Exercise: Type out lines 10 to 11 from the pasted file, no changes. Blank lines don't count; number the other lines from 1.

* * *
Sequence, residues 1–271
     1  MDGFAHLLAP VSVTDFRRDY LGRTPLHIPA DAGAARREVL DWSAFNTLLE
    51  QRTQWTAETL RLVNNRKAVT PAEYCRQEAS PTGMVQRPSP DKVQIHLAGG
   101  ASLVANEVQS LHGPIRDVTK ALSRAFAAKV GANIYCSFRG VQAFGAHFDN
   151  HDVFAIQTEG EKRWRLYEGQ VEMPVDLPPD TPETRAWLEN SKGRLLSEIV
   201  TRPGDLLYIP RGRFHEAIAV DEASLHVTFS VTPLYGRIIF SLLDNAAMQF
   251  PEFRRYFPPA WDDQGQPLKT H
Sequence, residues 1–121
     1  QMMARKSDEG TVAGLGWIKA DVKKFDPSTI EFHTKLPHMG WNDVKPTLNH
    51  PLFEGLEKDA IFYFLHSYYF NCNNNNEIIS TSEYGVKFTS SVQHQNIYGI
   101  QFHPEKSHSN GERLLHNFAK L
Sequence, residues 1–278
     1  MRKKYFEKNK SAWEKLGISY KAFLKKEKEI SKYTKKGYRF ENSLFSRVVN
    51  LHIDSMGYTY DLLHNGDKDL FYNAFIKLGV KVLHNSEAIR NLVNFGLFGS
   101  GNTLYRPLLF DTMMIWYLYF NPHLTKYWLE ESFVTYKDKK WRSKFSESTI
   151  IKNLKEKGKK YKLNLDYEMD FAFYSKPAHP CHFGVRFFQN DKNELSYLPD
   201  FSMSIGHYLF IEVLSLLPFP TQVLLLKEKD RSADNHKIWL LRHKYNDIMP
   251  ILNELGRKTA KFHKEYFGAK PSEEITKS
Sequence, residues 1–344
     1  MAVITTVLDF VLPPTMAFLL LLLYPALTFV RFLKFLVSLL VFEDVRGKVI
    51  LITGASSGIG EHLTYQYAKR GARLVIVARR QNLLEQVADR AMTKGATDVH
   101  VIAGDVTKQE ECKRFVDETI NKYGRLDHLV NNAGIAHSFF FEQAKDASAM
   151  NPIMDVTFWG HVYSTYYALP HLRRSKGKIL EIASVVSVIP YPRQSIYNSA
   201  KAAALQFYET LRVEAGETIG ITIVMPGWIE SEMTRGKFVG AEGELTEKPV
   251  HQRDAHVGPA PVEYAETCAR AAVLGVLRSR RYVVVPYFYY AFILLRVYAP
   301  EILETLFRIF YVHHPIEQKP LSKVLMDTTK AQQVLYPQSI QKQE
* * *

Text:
    51  PLFEGLEKDA IFYFLHSYYF NCNNNNEIIS TSEYGVKFTS SVQHQNIYGI
   101  QFHPEKSHSN GERLLHNFAK L